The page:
Greatest Circuit Series:

Greatest Circuit Series:



December, 2019

A single lap around the Nürburgring Nordschleife race track is said to be equivalent to 2,000 km traveled on normal roads. A perfect place to further refine the performance and design of the Lexus LC

The Rhine: this vast river starts in the Alps in eastern Switzerland and flows north through Germany and central Europe to the North Sea. Since Roman times, the river has played a vital role in connecting central Europe.

The Nürburgring: extraordinarily long with curves undulating left to right, the track’s contours resemble the course of a vast river. Considered to be the world’s most grueling racing circuit, Nürburgring has played a part in cultivating the culture and technology of the automobile for over half a century.

These two magnificent “rivers” are backdrops for ceaseless evolution. Navigating these routes is the Lexus LC 500 road car, kindred to the Lexus LC race car contending in the Nürburgring circuit.


The excursion to the Nürburgring begins in Mainz, birthplace of Johannes Gutenberg – father of the printing press. The Gutenberg Museum in Mainz possesses two of the 49 Gutenberg bibles still in existence. In a glass case in the gently-lit exhibition rooms, stylish letters line the bible’s pages, each paragraph neatly composed of 42 lines of text.

Museum curator Professor Elke Schutt-Kehm remarks, “Gutenberg’s invention paved the way for the Reformation, has helped accelerate the growth of natural science and of theology; the printing press has changed the world.”

The drive continues along the Rhine, offering views of Rudesheim, Koblenz, and other idyllic landscapes. Rolling hills enclose the road on both sides, while ancient castles dot the mountain ridges in the distance.

We continue to Cologne to meet up-and-coming calligraphy artist Agnete Sabbagh. Her works unify illustration with calligraphic renditions of the German font Fraktur, a style of lettering known for its commanding and sturdy design.

The signatures of the font’s design have rendered the letters illegible for many, even Germans – but the abundance of potential in Fraktur appeals to me.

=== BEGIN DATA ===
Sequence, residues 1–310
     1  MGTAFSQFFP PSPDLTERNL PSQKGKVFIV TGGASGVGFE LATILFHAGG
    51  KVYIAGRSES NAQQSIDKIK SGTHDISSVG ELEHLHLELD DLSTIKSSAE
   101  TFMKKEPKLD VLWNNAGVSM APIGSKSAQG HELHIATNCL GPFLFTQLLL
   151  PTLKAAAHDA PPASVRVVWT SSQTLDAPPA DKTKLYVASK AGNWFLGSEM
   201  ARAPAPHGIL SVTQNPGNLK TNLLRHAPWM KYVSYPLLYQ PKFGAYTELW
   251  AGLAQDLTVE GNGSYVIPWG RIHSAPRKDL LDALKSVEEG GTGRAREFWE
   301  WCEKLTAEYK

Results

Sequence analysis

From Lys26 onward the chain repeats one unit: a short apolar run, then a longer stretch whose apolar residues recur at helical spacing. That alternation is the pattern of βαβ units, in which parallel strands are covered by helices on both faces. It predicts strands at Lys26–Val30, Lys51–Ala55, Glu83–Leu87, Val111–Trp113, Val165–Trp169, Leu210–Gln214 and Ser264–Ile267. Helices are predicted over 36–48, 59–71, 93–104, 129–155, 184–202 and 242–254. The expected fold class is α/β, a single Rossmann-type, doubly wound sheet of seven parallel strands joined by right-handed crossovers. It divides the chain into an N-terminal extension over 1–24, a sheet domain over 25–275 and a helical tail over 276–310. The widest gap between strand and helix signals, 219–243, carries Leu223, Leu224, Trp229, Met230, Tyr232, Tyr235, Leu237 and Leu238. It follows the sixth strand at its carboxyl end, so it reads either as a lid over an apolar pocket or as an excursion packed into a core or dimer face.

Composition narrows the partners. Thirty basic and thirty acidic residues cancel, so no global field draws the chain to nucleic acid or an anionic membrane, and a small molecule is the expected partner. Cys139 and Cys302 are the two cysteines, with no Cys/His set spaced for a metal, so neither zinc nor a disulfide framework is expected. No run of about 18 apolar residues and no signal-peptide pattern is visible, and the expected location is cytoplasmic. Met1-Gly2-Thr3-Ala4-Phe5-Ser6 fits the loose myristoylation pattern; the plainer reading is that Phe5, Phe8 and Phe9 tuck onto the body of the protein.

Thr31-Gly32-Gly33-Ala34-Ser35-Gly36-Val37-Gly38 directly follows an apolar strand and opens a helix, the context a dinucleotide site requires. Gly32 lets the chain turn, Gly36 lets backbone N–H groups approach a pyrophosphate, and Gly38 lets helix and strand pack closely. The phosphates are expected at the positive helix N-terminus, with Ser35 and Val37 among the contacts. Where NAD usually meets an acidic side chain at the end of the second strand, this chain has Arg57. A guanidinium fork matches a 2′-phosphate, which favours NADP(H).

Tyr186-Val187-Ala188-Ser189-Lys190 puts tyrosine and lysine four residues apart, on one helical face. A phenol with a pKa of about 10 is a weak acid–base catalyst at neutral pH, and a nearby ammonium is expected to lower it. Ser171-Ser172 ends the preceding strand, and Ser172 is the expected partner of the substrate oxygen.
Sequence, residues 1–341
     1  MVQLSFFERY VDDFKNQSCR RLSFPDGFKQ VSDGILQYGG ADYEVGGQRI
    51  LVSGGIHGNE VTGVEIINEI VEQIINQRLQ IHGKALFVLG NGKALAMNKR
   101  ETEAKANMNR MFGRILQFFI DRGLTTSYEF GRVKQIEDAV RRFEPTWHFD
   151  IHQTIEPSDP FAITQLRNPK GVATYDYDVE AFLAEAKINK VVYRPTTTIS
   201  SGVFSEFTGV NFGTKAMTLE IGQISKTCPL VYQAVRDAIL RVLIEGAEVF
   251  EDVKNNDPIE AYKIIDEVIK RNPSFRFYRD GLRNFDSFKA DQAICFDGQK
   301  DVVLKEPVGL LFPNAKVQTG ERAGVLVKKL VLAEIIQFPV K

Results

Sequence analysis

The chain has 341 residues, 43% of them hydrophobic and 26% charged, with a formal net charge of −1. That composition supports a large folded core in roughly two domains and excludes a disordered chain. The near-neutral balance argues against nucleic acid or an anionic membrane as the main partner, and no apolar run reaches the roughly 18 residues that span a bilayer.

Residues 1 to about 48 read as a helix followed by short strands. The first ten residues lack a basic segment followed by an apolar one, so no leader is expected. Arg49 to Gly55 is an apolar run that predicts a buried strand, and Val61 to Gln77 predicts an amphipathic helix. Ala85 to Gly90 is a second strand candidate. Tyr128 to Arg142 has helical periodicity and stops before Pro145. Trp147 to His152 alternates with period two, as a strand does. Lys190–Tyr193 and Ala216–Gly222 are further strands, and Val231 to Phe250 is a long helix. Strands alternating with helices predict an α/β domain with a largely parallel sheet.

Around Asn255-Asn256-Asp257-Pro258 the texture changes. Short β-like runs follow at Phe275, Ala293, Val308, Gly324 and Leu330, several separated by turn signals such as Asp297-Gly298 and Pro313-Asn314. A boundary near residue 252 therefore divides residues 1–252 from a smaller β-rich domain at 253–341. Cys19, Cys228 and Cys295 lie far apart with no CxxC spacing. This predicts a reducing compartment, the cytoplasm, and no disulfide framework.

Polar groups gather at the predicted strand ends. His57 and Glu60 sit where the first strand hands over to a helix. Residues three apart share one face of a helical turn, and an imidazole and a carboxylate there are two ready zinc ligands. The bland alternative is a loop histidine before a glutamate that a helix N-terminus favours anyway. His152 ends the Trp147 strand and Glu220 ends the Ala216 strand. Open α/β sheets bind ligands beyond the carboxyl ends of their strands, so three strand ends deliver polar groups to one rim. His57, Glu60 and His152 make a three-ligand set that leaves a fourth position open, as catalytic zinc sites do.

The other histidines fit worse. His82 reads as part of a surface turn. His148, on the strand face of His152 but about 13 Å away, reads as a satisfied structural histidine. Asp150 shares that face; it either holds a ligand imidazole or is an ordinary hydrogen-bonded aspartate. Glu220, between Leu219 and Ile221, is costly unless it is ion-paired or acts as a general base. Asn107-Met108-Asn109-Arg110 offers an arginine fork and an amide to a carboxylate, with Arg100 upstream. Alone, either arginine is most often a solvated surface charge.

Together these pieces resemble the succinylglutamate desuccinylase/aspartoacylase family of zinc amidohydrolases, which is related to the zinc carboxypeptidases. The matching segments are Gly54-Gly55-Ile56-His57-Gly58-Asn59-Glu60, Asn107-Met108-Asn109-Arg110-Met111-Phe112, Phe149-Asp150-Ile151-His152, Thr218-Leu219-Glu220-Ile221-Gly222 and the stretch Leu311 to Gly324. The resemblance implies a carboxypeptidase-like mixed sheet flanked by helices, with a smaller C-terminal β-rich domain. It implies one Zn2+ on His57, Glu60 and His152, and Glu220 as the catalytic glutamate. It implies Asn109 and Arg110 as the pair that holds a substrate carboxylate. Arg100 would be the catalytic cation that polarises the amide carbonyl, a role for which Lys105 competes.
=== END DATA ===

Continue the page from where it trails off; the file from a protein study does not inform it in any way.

I want to keep utilizing its beautiful letters in my calligraphy work.
Agnete Sabbagh

Next, we head north on the Autobahn; a road that represents Germany’s car culture and its dedication to automobile technology. In this speed-limit-free zone, the Lexus transports us beyond 200 km/h – the LC’s V8 unit releasing a euphonious roar.

Descending from the Autobahn and returning to the country roads, Nürburg Castle comes to view on a low hill in the distance, looking down on the circuit below.


Enshrined deep in the forest of Northwest Germany, the Nürburgring circuit is home to two courses: the 4.5 km Grand-Prix track and the 20-kilometer-long Nordschleife track. Nürburgring’s 24-hour race unfolds across both raceways, with a single lap spanning over 25 kilometers.

Architects are said to have used the Targa Florio – a mountain road in Sicily – as a reference in designing the racetrack. The span between the highest and lowest elevation in the track extends over 300 meters. From the cross-sloped, mortar-shaped corners to the super high-speed S-section, the track features a colorful array of curves and turns.

The road provides one thrilling moment after another – a jumping spot renders the car weightless with a high-speed blind-corner lying in wait ahead. A single lap around the course is said to apply as much stress as 2,000 km traveled on a typical road. Illustrious, three-time F1 World Champion Sir Jackie Stewart once called the track a “green hell”.

There are 24-hour races on tracks all around the world... but in my mind the Nürgurbring course is the most savage.
Racecar Driver Yuichi Nakayama
driving in the 24-hour race with the Lexus LC

“I’ve raced hundreds, thousands, of laps in my career – and here the corners are particularly treacherous. When your hand is on that steering wheel, you’re in a continuous state of terror.”

The LC model’s participation in this 24-hour gauntlet onward from 2018 is strategic – a part of the process to further sophisticate the car’s performance and design.


Lexus enters the Nürburgring 24-hour race with their LC model. Chief mechanic Toshiyuki Sekitani made improvements to the car’s weight distribution and center of gravity while revamping aerodynamic devices to improve downforce.

From the very beginning, the finals are ripe with tumult, but the Lexus LC races through the laps with little trouble. At around 10 pm the sun sets and the LC ascends to 27th place.

In a sudden turn of events, as the LC pulls into the pit, engineers discover oil leaking from the transmission. A quick transmission replacement and the Lexus LC returns to the track, gradually ascending the ranks. The car continues its smooth progression past dawn, until the checkered flag waves at the 133rd lap. The LC has conquered its second consecutive 24-hour race, clearing the SP-PRO class ranking in first place and 54th overall.

“We beat our best time for the finals race, and all while surviving the crucible that is the Nürburgring, the LC showed peak performance. I’m very satisfied with the result. I hope to get back out here again next year and bring the LC to greater heights,” reflects Nakayama.

Part of this journey along the Rhine was witnessing the cycle of growth – new technologies replace the old, with human agency guiding this continuous evolution.

Whether electrification, self-driving automobiles or other technologies, the automotive industry faces similar change. The Lexus team takes up the gauntlet to galvanize their own evolution, tirelessly dedicating themselves to sophisticate the automobile’s most essential functions.

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